Taking a gram or two of the vitamin C both before sleep and after waking can have marked effects on this, helping to offset some of the detrimental effects that excessive cortisol levels can cause.
Do Any Foods Contain Vitamin C? Which Ones are the best?
There are a wide variety of foods that contain vitamin C.
The richest sources of vitamin C tend to be plant-based, especially citrus fruits:
- Green chilli pepper
There are dozens of other plant-based foods which contain vitamins C, such as strawberries, oranges, lemons and limes, and even spinach; however, the above list is of examples of common foods that are particularly high in vitamin C.
Example of this is the green chilli pepper which contains almost 5 times as much vitamin C as lemon!
Does Vitamin C Have any Side Effects?
There aren’t any particularly common side-effects associated with vitamin C, due largely to the fact that it is a water-soluble vitamin and excessive amounts can simply be excreted through the bladder.
Having said that, consuming large quantities can lead to some gastrointestinal upset and discomfort, including but not limited to diarrhoea. This is especially true if sensitive individuals take vitamin C in high doses on an empty stomach.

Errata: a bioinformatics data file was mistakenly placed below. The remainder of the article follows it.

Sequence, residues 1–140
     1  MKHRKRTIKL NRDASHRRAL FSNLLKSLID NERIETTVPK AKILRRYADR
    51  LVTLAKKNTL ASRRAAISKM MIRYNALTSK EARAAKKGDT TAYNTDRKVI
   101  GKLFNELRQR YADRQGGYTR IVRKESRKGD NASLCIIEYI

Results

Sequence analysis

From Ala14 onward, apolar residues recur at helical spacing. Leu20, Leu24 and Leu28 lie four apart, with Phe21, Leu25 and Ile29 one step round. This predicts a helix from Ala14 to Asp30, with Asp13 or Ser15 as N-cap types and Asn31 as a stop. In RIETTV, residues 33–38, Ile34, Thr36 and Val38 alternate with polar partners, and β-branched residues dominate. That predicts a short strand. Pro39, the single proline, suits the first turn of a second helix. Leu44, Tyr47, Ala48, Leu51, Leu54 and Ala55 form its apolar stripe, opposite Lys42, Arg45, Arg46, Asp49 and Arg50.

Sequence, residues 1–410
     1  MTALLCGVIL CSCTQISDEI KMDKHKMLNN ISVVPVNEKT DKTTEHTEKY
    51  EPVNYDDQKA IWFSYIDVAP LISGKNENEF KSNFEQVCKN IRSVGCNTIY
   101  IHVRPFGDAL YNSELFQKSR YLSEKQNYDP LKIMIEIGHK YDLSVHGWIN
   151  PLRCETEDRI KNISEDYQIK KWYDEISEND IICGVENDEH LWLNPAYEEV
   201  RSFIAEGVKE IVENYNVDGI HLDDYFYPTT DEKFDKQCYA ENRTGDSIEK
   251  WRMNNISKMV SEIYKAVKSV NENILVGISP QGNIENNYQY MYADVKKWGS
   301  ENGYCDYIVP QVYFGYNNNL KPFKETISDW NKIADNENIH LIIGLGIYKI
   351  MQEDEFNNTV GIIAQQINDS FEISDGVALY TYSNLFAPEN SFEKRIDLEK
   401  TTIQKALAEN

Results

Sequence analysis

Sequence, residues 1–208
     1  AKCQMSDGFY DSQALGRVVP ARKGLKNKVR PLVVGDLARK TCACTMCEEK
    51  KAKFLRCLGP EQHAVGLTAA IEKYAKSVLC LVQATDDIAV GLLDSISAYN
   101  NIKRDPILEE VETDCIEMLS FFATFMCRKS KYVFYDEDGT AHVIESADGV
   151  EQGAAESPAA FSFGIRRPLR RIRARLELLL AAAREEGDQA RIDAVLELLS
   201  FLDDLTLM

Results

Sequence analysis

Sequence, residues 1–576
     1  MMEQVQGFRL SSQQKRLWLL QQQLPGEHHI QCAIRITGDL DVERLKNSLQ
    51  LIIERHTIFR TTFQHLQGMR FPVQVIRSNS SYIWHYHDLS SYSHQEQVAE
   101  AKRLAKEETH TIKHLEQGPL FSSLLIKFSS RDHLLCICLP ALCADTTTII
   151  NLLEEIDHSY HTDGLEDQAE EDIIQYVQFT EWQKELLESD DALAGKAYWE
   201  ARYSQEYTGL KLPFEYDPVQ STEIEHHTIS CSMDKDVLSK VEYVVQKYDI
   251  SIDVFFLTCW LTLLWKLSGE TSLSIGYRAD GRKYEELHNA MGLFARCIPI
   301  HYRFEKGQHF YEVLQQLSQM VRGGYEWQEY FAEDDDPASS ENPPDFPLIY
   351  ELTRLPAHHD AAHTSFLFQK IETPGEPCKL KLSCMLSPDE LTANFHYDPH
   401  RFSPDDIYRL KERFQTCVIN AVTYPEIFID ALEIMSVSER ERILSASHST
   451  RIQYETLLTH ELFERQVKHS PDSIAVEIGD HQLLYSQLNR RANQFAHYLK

There is some data to suggest that high doses of vitamin C taken in the first month of pregnancy can potentially increase the risk of a miscarriage due to the suppression of progesterone production. The research on this is quite conflicting with some data suggesting otherwise so it is best if you speak to your doctor if you have any further questions regarding this.
What’s more, there is a direct link between excessive intake of vitamins C and the formation of kidney stones, so if this is something that you have either suffered from before or are concerned about then you will of course want to exercise some caution.